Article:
This is the distribution of photon flux per photon wavelength over the photosynthetic and far-red range of wavelengths defined by ANSI/ASABE S640 (400-800nm). The DLC will also accept the distribution of photon flux per photon wavelengths over the PBAR range (280-800nm). When reporting either of the optional PBAR metrics (i.e. PFPBAR and PEPBAR), distribution of photon flux over the PBAR range is required. This distribution is measured and reported as integrated in all directions from the fixture and contains no granular directional information itself. This distribution must be measured and reported from an appropriately accredited facility.

      An image of this distribution must be submitted within the application in a .jpg graphical file format, at a size of 300x300 pixels or larger. This image will be accessible to users on the QPL. The DLC intends to utilize the required .xml file per ANSI/IES TM-33-18 to generate these images in the future.

      Please refer to the TM-33-18 Reporting and Photometric/Spectral Reporting Alternatives section for additional information.


    Efficacy:

    The DLC requires testing and reporting of Photosynthetic Photon Efficacy (PPE), which is the output of the fixture over the specific range of wavelengths defined by ANSI/ASABE S640 for PPF (400-700nm), divided by the total electrical input watts to the fixture, including any other ancillary loads (controllers, sensors, cooling fans, etc.) used within the lighting system.

    All products are required to have a PPE of ≥ 1.90 µmol × J-1. In both submitted applications and under surveillance testing, the DLC allows an absolute tolerance of -5% to this threshold value. The result of this is the DLC’s acceptance of any test report showing an efficacy of 1.81 µmol × J-1 or higher, and the disqualification of any product, either during submission or surveillance testing, with a test report showing an efficacy less than 1.81 µmol × J-1, at any point in the product’s specified operating voltage range. All evaluations and listings of this measurement will be rounded to the nearest hundredth.

    If a product contains multiple drivers:

    • All driver specification sheets must be provided.
    • For each unique driver used, manufacturers must provide electrical testing to document which driver variation results in the overall minimum Kp (PPE) or worst-case driver efficiency, as well as which variation results in the overall worst-case power quality (THDi and PF).
      • This testing must include the input current and wattage; the output voltage, current, and wattage; and the THDi and PF for each driver, at each nominal input voltage.
      • In-house (i.e. non-accredited lab) benchtop electrical testing is sufficient for demonstrating the driver variation that yields the overall minimum Kp (PPE) and minimum power quality at the applicable loading conditions and at the applicable input voltages.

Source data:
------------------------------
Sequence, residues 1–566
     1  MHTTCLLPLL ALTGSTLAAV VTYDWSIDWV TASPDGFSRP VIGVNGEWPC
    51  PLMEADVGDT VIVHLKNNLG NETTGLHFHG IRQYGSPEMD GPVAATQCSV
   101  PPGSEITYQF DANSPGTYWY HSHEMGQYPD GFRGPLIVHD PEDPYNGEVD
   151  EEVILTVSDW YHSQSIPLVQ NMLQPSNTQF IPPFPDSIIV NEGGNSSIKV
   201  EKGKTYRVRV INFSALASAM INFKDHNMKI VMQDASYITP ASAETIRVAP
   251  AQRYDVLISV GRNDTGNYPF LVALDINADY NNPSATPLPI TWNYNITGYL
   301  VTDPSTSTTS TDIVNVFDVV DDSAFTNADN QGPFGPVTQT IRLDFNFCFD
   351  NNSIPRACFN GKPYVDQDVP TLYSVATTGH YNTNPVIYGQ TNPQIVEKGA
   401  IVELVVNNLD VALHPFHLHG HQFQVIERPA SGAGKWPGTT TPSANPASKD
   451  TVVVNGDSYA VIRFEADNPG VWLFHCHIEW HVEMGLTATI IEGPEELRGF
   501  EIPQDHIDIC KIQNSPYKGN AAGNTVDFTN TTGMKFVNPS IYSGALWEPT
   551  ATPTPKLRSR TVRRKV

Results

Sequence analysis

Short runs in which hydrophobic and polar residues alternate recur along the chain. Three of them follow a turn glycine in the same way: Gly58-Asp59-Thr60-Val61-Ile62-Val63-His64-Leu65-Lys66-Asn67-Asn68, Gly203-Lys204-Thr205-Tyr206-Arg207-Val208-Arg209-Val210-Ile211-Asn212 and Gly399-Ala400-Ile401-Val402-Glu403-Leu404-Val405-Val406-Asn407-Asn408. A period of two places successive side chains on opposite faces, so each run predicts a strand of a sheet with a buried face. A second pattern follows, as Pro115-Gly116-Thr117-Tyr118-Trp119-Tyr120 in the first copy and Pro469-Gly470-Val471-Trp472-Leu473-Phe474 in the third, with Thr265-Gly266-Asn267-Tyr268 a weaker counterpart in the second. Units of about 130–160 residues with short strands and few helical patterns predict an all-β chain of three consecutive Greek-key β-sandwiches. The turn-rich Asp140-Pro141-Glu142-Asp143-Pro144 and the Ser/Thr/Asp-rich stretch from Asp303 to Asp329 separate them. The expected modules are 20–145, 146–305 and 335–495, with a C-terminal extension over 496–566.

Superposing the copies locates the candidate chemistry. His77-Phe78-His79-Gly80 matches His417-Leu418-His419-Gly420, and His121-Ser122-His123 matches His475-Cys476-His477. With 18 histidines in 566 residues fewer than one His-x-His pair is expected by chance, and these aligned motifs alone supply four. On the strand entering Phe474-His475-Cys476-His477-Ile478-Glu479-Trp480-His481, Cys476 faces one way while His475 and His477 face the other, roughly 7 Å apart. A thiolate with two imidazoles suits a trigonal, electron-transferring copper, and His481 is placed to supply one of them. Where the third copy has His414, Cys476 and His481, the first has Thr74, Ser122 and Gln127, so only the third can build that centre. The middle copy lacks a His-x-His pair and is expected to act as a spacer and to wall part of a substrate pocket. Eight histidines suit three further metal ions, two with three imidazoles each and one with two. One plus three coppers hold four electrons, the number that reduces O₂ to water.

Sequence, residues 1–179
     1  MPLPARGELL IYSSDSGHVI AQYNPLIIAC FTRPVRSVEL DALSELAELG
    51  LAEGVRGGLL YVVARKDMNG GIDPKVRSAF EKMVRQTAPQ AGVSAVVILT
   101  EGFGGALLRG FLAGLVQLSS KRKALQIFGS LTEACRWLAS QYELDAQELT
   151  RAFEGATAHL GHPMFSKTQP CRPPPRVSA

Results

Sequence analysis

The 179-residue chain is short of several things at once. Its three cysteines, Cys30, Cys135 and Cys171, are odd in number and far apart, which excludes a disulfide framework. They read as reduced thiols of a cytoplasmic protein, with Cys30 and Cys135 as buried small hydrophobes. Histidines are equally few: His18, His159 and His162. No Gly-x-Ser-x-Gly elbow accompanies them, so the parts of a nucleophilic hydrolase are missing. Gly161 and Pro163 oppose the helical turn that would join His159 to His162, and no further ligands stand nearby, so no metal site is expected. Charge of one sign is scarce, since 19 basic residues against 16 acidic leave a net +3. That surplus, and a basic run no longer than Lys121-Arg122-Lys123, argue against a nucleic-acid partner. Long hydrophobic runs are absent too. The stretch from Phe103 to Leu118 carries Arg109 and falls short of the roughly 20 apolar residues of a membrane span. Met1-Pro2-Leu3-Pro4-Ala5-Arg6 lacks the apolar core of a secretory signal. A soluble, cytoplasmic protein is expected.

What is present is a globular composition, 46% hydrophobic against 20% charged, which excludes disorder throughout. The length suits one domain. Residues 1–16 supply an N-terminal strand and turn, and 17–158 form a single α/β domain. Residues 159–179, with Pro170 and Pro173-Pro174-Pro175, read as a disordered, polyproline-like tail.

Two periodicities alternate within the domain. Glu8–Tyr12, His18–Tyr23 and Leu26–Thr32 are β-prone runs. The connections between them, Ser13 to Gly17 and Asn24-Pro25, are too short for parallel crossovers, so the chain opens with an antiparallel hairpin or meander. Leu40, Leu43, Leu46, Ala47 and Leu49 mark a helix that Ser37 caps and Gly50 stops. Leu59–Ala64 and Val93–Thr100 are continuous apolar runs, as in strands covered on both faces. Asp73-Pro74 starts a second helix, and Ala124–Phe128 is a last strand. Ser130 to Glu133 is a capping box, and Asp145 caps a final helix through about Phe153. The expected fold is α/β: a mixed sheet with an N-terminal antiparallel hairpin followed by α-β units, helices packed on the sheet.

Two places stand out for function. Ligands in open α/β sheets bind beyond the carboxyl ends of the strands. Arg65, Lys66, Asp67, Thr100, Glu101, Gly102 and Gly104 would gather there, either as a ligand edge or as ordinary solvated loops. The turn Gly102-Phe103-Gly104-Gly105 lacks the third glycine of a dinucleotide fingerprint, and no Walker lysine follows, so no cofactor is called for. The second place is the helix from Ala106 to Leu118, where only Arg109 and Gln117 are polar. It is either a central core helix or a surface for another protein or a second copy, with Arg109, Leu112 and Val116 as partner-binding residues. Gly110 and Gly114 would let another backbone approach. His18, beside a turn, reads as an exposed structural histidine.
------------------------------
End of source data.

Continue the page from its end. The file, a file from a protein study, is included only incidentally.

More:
• From this electrical characterization testing, the product and conditions representing worst-case efficacy must undergo formal whole-fixture LM-79 testing by an accredited testing lab.
      • For questions about testing requirements for family grouping applications, please refer to the Family Grouping Application Requirements for LED-based Horticultural Lighting policyNote: Family grouping applications will follow an interim application process utilizing both the application portal and email communication from April to June 2021. Please reference the Interim Application Period Guidance for V2.0 for submission details.
    • Drivers that result in explicitly different nominal fixture performance (for example, if a driver change results in different flux output by the product, determined at the DLC’s discretion) are not permissible variations within a single model number and are required to submit a family grouping application for QPL listing. If alternate driver variations result in different input wattage, worst-case will be published on the QPL.

     

    Long-Term Performance:

    The DLC requires the following performance data to characterize the long-term performance of the fixture:

    • Flux Maintenance, Φp (PPF) and Φp,fr (PFFR)
      This is a characterization of the ability of the device to maintain its output within the given parameters over time. Given that device output of interest is measured in quanta of photons, and not in lumens, the DLC will use the general engineering term for quanta, “Q”, instead of the more-familiar “L” prefix used within general illumination applications.
      • The DLC requires either LED device-level or whole-fixture testing and projections in accordance with the (LM-80 and TM-21) or (LM-84 and TM-28) industry standards sufficient for a Q90 of ≥36,000 hours within the Φp (PPF) range (400-700nm).
        • The “Q” in the Q90 value is based strictly on the value shown in cell I42 of the ENERGY STAR TM-21 calculator or cell I45 of the ENERGY STAR TM-28 calculator.
      • All TM-21 or TM-28 projections must be made at the maximum ambient temperature on the fixture’s specification sheet. See In-Situ Temperature Measurement Testing (ISTMT) information below for additional details.
      • The DLC requires testing and projections to report Q90 for the Φp,fr  (PFFR) range of 700-800nm, but does not make determinations or qualifications based on this data. Please see a description of PFMFR-specific testing requirements in the “For fixtures using multiple types of LEDs” section below.